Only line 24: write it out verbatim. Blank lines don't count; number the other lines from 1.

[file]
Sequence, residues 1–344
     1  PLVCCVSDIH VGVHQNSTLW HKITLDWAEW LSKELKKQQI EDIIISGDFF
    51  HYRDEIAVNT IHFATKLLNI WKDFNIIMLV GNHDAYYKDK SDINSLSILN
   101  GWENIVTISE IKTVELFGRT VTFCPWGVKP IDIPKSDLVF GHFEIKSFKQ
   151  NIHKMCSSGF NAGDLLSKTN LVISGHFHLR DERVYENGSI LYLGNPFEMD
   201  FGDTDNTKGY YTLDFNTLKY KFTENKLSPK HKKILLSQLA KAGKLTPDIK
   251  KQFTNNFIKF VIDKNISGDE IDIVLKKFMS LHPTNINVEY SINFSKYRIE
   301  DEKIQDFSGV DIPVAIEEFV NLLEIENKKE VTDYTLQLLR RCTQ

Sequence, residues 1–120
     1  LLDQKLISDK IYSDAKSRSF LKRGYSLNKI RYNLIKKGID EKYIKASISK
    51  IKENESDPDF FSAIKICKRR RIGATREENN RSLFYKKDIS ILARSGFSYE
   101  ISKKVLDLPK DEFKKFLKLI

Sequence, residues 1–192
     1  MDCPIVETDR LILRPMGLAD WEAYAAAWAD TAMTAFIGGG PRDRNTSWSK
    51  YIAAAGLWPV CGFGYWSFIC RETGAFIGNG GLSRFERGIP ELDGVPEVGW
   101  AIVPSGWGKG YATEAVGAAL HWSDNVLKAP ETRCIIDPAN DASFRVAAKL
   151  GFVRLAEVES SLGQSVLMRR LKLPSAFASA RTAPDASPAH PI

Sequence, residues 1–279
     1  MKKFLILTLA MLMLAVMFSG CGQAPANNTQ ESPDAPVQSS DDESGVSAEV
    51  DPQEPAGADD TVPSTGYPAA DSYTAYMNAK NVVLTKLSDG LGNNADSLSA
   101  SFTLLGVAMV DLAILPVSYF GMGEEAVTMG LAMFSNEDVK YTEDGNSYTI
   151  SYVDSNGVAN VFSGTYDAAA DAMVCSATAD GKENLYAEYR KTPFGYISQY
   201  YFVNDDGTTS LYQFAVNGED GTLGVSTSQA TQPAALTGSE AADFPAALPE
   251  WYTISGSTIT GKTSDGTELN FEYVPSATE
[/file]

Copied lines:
   251  WYTISGSTIT GKTSDGTELN FEYVPSATE